How to Use QuickTest

 

 

 

This page includes basic quick-start instructions, miscellaneous tips, and some examples.  Everything here refers to the latest release version.

 

Basic Usage

Step 1: Include quicktest.h in your test code.

 

#include <quicktest/quicktest.h>

 

Step 2: Write unit tests using the “QT_TEST” macro.

 

QT_TEST(myTest)

{

    float x = 12;

    QT_CHECK_CLOSE(x * x, 144, 0.0001);

}

 

Step 3: Run your tests using the “QT_RUN_TESTS” macro.

 

#include <quicktest/quicktest.h>

int main(int argc, char* argv[])

{

    QT_RUN_TESTS;

    return 0;

}

 

Success and Failure

If, for example, we have 30 unit tests which all pass, we get the following output when the tests are run:

 

[-------------- RUNNING UNIT TESTS --------------]

Results: 30 succeeded, 0 failed

[-------------- UNIT TESTS FINISHED -------------]

 

However, if one of our tests fails, like this:

 

QT_TEST(testFourSqr)

{

    QT_CHECK_EQUAL(4 * 4, 20);

}

 

… we get the following output when the tests are run:

 

[-------------- RUNNING UNIT TESTS --------------]

main.cpp(5): 'testFourSqr' FAILED: value1(16) should equal value2(20)

Results: 29 succeeded, 1 failed

[-------------- UNIT TESTS FINISHED -------------]

 

The test failure message contains the test’s file name, the line number of the failed assertion, the test’s name, and the values passed to the assertion.

 

(Note to Visual Studio users: it is possible to double-click on failure messages in the output window to jump straight to the failed test code.  See “Running Tests Automatically” below.)

 

Example 1

This test checks whether a ship object’s throttle causes it to move.

 

QT_TEST(testShipThrusters)

{

    Ship s;

    Point startPos(10, 15, -30);

    s.setPosition(startPos);

    s.setThrottle(100);

    s.update(12.5); // Let the ship accelerate for a while.

    float distance = calcDistance(startPos, s.getPosition());

    QT_CHECK_GREATER(distance, 5);

}

 

Example 2

These tests demonstrate the use of a "fixture" (a piece of reusable code that can be used in multiple tests).  The first test checks whether the ship’s initial position is set correctly.  The second one tests the ship’s reverse throttle capability; it accelerates the ship forward for some time, stops it, accelerates it backward the same amount of time, then checks whether it ends up in the starting position.

 

struct ShipFixture

{

    ShipFixture()

    {

        // Setup here.

        startPos.set(10, 15, -30);

        ship.setPosition(startPos);

        ship.setThrottle(100);

    }

 

    ~ShipFixture()

    {

        // Teardown here.

    }

 

    Ship ship;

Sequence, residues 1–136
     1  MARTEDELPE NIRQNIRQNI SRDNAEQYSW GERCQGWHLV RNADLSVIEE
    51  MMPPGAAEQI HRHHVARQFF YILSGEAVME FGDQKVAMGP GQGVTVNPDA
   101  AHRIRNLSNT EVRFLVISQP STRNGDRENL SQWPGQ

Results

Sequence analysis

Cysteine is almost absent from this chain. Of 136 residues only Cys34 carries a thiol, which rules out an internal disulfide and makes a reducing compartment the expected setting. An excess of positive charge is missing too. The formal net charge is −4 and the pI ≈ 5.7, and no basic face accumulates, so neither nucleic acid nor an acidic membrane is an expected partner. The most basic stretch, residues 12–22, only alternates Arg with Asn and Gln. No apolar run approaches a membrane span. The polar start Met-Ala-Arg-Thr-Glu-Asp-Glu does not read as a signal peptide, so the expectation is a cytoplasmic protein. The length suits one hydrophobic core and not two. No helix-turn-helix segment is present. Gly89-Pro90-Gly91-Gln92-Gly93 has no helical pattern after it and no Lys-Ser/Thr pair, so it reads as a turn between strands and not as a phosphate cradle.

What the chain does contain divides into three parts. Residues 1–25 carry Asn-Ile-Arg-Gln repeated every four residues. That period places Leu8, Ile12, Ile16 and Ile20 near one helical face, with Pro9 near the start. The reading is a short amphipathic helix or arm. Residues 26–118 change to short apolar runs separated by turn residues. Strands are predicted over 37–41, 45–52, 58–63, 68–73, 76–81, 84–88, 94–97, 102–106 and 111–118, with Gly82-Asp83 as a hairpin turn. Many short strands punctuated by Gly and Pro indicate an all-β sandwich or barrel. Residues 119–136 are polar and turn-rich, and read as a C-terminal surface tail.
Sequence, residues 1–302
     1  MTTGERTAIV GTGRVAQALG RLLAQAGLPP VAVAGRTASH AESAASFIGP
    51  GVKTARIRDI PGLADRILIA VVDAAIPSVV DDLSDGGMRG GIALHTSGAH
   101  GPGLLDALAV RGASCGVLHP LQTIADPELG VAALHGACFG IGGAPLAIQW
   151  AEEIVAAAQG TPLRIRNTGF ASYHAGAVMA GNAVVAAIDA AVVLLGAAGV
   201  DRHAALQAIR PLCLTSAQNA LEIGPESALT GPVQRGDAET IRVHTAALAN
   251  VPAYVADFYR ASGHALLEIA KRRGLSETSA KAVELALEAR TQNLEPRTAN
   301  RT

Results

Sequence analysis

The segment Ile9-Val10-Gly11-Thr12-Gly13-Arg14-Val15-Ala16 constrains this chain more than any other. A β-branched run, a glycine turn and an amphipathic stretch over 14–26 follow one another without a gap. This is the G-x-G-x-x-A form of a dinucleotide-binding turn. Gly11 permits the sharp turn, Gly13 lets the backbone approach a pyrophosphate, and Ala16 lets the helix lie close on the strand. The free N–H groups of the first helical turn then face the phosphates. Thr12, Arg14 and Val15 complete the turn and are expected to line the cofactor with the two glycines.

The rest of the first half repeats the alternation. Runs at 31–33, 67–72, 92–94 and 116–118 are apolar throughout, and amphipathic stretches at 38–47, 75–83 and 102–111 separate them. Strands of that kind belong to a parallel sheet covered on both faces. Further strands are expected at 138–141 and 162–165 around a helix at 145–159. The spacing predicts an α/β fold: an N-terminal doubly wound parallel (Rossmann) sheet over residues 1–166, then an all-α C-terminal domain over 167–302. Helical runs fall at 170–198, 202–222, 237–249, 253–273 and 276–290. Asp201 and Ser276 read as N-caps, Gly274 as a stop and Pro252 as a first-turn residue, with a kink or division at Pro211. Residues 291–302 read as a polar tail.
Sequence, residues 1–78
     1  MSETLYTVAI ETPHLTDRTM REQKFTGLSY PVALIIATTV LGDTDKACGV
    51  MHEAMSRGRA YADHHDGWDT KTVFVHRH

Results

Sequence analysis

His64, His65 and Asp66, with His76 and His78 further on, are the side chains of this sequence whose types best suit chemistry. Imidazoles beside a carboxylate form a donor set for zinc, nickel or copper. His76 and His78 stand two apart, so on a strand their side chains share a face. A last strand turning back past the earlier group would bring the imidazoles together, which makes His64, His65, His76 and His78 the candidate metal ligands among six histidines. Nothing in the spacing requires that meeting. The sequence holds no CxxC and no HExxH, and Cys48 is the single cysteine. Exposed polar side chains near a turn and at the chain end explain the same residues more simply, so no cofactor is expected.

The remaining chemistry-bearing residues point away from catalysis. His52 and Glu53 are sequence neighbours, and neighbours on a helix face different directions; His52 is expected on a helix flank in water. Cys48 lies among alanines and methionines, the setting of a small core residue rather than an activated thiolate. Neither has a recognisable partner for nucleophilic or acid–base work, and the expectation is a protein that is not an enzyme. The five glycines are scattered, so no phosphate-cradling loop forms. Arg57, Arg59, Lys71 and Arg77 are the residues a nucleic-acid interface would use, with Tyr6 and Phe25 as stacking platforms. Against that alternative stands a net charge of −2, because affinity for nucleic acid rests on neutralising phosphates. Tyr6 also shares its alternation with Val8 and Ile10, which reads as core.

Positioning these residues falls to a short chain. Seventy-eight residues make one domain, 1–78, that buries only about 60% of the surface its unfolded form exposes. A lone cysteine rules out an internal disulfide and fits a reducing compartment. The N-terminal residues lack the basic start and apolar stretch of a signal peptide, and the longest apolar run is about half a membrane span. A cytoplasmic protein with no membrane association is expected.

Point startPos;

};

 

QT_TEST(testShipSetPosition)

{

    ShipFixture f;

    float distance = calcDistance(f.startPos, f.ship.getPosition());

    QT_CHECK_CLOSE(distance, 0, 0.001);

}

 

QT_TEST(testShipReverseThrottle)

{

    ShipFixture f;

    f.ship.update(15.0); // Acceleration forward for 15 seconds..

    f.ship.setVelocity(0); // Stop the ship.

    f.ship.setThrottle(-100);

    f.ship.update(15.0); // Accelerate backward for 15 seconds.

    float distance = calcDistance(f.startPos, f.ship.getPosition());

    QT_CHECK_CLOSE(distance, 0, 0.001);

}

 

Running Tests Automatically

It is usually best to run your tests immediately after each build of the code being unit tested.  This can be automated in most build systems, including Visual Studio, Make, and SCons.  You will probably want a separate executable that contains only the unit tests.  For example, you could use a simple main.cpp test runner:

 

#include <quicktest/quicktest.h>

int main(int argc, char* argv[])

{

      QT_RUN_TESTS;

      return 0;

}

 

Then compile main.cpp, along with your unit test .cpp files, into a test runner executable.  (Each of these .cpp files should include quicktest.h.)  Each time you build your main code, make sure this executable is updated too.

 

Say your test executable is called 'myUnitTests.exe'.  In Make or SCons, you can add a rule to run 'myUnitTests.exe' immediately after building your main code.  In Visual Studio (version 7.0 or later), add something like '.\Debug\myUnitTests.exe', or maybe '.\$(OutDir)\$(TargetFileName)' to Build Events -> Post-Build Event -> Command Line under the project properties for your main code.  Now the test runner executable will run after each build.

 

Note to Visual Studio users: running the tests as a Post-Build Event sends the QuickTest output to the Visual Studio output window (assuming you left the QuickTest output stream as standard output).  The test failure messages are formatted in a way that Visual Studio can parse, so you can simply double-click on a failure message to jump straight to the failed test code.  (This only seems to work reliably in release mode where the C++ __FILE__ macro expands to the relative file name; in debug mode __FILE__ expands to the absolute file name which is often truncated.)

 

 

 

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